The first poker tournaments were winner-take-all. Not that many people entered and it seemed logical that whoever got all the chips would win all the money. As poker tournaments grew, it began to make sense to have graduated payouts so that multiple players have incentive to play. These days, around ten percent of players in a tournament receive some kind of cash prize.
At the final table of a tournament, the prize money is still very top-heavy, with the bulk of it going to the top three players. The problem with this is that there is a great deal of volatility at the final table of a poker tournament because the blinds are often high relative to the average stack.
To handle this volatility and avoid having thousands or hundreds of thousands of dollars riding to such a great extent on luck, players have gotten into the habit of making final table deals. Today, deals are an integrated part of any complete online poker tournament strategy.
Deals are perfectly legal providing they are not specifically disallowed by the tournament organizer. World Poker Tour and World Series of Poker events prohibit deals because they dilute the excitement of the final tables which is such a big draw for these tournaments. At your smaller buy-in online or local casino tournaments, this should not be a problem. If you are going to make a deal, it is best to get the tournament staff involved to assure fairness.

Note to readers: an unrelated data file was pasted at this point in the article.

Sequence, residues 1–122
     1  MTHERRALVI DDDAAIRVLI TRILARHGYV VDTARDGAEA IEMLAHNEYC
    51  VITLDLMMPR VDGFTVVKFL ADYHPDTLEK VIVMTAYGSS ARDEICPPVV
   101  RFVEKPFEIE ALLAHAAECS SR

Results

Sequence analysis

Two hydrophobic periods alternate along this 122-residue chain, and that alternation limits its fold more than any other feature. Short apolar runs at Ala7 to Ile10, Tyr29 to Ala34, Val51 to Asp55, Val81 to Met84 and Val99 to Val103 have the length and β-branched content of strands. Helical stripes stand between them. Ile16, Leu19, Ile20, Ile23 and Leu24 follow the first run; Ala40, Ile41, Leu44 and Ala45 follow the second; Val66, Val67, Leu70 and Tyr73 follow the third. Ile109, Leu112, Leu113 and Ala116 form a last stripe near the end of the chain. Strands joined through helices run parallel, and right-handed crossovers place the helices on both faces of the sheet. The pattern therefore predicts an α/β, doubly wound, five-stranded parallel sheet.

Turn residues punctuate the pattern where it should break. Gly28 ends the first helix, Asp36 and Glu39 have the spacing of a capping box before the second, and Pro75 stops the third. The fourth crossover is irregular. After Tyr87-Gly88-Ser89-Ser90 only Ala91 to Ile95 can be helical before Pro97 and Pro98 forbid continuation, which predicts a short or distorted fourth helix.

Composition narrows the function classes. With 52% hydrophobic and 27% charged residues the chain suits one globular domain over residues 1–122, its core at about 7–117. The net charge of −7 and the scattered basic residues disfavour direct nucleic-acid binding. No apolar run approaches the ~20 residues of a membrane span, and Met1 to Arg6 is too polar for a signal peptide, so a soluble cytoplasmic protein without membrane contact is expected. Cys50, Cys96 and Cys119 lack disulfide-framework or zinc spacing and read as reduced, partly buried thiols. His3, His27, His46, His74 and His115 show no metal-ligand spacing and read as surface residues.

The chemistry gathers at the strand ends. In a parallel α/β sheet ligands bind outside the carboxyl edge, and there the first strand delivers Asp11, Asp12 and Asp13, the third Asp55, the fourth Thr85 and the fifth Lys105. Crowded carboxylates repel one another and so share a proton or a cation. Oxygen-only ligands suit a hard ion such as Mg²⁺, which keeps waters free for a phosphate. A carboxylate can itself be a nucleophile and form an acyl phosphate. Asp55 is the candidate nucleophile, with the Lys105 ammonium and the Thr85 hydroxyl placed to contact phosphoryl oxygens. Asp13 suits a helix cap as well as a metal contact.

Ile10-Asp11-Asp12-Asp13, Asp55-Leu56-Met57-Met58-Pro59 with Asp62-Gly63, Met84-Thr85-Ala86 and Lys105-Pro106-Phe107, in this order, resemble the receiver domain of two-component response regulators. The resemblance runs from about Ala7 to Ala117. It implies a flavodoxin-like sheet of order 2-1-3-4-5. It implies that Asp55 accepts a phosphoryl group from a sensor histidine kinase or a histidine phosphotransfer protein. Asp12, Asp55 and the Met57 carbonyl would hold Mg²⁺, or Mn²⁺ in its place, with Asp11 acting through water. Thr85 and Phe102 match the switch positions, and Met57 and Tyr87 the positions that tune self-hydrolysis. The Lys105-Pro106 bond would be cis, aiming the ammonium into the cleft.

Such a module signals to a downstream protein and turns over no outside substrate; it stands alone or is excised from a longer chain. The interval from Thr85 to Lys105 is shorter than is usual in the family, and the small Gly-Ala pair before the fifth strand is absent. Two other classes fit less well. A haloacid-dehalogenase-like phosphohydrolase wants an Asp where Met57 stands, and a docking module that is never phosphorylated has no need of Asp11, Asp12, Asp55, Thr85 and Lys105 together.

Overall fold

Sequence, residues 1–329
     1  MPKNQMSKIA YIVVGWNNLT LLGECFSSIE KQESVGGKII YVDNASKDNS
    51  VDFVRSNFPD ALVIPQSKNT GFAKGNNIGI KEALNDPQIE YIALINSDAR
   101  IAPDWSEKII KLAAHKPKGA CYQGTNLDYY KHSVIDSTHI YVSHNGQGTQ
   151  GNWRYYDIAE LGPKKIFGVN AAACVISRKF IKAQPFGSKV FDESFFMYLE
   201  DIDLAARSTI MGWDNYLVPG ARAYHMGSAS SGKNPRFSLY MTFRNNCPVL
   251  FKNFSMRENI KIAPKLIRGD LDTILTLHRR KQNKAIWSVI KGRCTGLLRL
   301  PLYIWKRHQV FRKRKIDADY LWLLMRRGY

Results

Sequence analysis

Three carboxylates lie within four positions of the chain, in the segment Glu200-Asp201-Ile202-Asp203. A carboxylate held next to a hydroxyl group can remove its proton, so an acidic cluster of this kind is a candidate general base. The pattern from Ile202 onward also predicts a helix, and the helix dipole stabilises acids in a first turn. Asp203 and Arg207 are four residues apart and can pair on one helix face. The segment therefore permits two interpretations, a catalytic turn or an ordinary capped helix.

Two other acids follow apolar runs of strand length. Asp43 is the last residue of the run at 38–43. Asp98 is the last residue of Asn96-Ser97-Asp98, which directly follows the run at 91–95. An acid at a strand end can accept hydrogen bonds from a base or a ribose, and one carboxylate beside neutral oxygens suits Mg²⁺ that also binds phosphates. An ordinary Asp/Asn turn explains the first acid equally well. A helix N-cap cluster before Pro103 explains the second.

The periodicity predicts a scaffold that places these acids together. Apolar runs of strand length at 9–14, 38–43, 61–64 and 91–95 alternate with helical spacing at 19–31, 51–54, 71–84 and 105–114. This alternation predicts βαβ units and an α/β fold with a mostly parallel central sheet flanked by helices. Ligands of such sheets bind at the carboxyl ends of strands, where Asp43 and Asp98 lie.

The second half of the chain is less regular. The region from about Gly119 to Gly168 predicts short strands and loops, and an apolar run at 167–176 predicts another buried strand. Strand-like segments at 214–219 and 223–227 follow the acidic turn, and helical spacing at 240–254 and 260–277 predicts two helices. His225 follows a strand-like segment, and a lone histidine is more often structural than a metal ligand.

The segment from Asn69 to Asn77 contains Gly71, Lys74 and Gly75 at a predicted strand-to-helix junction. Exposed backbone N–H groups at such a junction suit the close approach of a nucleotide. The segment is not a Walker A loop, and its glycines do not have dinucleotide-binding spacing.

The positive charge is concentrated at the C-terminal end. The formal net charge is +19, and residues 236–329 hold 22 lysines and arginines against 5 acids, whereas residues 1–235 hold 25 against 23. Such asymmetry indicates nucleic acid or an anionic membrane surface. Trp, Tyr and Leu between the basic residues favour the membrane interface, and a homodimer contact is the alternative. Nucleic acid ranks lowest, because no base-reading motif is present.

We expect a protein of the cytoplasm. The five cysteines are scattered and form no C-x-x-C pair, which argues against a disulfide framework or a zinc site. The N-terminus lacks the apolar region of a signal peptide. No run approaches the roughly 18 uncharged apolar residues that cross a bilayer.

The most typical type of deal is a chip count deal, where the prize pool is distributed according to how many chips each player has at that point. Commonly at least ten percent of the prize pool is held out for the players to continue to compete for, with the rest given out according to the chip count arrangement.
This is not the only arrangement possible; players are free to work out whatever kind of deal they can. However, when you play poker texas holdem online this arrangement is usually suggested by the site, in the case of a deal.
Deals are usually less favorable to the shorter stacks. However, if the blinds are high enough, your chances of continuing in the tournament as a short stack may be pretty slim, so you may be willing to get whatever kind of extra money you can. It is essentially a decision on whether you want to gamble or not. As a larger stack, you are more likely to get a favorable deal.
However, if you don’t like the deal, feel free to hold out for a better one, or decline the deal altogether. Do not succumb to pressure from other players to make the deal. You are under no obligation to do so and if they end up winning the tournament, they certainly will not complain that you chose to decline.
Of course, in satellites the payout structure is usually much flatter, with all or most prizes consisting of a seat. This will be the case when you qualify for 2008 WSOP.